Solving the three-level DEA model for the country under assessment, we obtain an optimal set of weights with minimum efficiency loss (θmin). It should be noted that the efficiency value of all countries calculated from the three-level DEA model is identical to that calculated from the CCR-DEA model. Therefore, the minimum efficiency loss for the country under assessment is θmin = 0 (Table 4). This implies that the measure of relative closeness to the AHP weights for the country under assessment is Δk(θmin)=0. On the other hand, solving the three-level DEA model for the country under assessment after adding the two sets of constraints (19) and (20), we adjust the priority weights of SPIs (outputs) and safety outcomes (inputs) obtained from AHP in such a way that they become compatible with the weights’ structure in the three level DEA model. This results in the maximum efficiency loss, θmax, for the country under assessment (Table 4). In addition, this implies that the measure of relative closeness to the AHP weights for the country under assessment is Δk(θmax) = 1.

    Table 5 presents the optimal weights of SPIs and safety outcomes as well as the scaling factors for the best performing country, the Netherlands. It should be noted that the priority weights of AHP used for incorporating weight bounds on the weights of safety outcomes and SPIs are obtained as v ¯ h h i = v h h i β and u ¯ l l r = u l l r α respectively. In addition, the priority weights of safety outcomes in the AHP model can be obtained as follows:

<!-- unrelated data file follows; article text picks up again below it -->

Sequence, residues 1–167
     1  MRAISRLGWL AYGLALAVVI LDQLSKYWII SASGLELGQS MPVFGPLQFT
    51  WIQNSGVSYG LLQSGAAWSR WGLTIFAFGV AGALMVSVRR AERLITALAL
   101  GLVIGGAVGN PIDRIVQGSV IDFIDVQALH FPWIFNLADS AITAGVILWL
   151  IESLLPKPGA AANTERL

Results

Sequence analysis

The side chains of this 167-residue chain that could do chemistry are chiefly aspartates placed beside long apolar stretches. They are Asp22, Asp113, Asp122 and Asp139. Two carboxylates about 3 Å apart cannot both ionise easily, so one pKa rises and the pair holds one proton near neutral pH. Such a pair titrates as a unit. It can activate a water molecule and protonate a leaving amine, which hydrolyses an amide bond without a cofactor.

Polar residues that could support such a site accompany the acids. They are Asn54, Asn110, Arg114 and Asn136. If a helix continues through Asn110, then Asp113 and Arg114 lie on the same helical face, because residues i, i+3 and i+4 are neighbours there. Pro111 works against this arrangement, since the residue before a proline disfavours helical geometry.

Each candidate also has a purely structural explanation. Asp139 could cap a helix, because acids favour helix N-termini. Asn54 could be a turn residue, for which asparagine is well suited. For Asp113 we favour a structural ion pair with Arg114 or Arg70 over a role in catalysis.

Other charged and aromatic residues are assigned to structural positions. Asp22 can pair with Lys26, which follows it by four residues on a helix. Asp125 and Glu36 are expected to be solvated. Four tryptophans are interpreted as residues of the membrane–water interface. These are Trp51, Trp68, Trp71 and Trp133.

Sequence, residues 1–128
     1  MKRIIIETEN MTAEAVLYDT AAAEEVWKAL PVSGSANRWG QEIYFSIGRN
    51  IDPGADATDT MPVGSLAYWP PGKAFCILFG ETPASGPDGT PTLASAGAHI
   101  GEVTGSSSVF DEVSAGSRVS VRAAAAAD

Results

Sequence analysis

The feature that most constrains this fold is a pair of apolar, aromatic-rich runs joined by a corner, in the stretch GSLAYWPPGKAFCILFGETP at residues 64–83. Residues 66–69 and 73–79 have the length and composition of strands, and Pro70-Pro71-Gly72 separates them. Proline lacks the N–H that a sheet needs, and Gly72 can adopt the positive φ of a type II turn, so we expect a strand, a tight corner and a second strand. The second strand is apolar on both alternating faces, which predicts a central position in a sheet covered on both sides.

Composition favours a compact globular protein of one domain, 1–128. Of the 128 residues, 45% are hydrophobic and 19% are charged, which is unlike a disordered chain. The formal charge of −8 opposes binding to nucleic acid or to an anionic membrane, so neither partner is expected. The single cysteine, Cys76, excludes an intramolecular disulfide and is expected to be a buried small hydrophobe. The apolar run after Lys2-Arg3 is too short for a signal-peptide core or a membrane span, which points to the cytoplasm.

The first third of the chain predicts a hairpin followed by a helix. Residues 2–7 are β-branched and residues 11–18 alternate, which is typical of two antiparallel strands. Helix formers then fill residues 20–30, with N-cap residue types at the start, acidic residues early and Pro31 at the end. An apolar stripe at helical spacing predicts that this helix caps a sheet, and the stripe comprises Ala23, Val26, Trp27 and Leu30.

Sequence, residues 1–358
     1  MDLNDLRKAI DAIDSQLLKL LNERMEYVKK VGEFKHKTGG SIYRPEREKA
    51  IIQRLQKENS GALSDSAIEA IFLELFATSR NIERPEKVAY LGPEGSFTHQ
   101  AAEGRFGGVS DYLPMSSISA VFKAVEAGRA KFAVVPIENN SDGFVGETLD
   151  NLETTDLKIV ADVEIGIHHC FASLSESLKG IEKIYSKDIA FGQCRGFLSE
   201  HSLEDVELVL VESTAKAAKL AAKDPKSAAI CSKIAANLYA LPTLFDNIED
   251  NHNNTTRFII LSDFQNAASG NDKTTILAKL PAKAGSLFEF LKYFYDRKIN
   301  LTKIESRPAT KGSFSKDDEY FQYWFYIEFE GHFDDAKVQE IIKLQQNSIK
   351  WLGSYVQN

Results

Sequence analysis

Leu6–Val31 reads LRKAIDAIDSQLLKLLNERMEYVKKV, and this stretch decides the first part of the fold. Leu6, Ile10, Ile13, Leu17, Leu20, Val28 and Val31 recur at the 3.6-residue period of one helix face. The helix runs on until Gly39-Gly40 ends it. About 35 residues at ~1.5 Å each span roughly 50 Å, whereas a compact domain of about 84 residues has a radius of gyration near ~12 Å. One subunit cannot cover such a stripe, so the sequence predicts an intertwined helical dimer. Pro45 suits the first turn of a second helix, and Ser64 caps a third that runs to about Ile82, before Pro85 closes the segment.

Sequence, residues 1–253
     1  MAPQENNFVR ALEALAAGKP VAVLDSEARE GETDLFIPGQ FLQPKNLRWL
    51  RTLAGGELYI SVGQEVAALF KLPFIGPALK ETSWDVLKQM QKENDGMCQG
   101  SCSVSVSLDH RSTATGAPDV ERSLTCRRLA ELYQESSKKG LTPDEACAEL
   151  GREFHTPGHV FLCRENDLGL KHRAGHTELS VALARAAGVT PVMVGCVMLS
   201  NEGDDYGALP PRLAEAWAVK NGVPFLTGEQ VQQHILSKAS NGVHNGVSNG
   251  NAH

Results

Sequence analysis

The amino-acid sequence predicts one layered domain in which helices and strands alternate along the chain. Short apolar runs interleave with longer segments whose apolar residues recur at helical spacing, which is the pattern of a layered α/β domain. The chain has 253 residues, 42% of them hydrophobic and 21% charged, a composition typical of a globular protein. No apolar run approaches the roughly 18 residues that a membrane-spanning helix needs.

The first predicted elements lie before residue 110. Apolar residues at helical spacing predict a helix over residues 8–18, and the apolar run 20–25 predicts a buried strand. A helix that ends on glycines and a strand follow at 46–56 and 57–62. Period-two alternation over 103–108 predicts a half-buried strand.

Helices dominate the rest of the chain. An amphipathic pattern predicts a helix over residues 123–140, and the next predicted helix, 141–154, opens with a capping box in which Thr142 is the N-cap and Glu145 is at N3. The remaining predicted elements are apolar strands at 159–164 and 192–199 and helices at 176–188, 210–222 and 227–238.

w h = q h β while h = 1 M i = 1 m v h h i = q h and i = 1 m v h h i = q h h for criteria level,

    ehh = qhh/qh for sub-criteria level,

    fhhi = vhhi/qhh for sub-sub-criteria levels.

    Similarly, the priority weights of SPIs in the AHP model can be obtained as follows:

    w l = p l α while l S r = 1 s u l l r = p l and r = 1 s u l l r = p l l for criteria level,

    ell = pll/pl for sub-criteria level,

    fllr = ullr/pll for sub-sub-criteria levels.

    Going one step further to the solution process of the parametric distance model (21), we proceed to the estimation of total deviations from the AHP weights for each country while the parameter θ is 0≤θθmax. Table 6 represents the ranking position of each country based on the minimum deviation from the priority weights of SPIs and safety outcomes for θ = 0. It should be noted that in a special case where the parameter θ=θmax = 0 we assume Δk(θ)=1.

    Table 6 shows that the Netherlands is the best performer in terms of the efficiency value and its relative closeness to the priority weights of SPIs and safety outcomes. Nevertheless, increasing the value of θ from 0 to θmax has two main effects on the performance of the other countries: improving the degree of deviations and reducing the value of efficiency. This, of course, is a phenomenon, one expects to observe frequently. The graph of Δ(θ) versus θ, as shown in Figure 1, is used to describe the relation between the relative closeness to the priority weights of SPIs and safety outcomes, versus efficiency loss for each country. This may result in different ranking positions for each country in comparison to the other countries (Appendix A).

    4CONCLUSION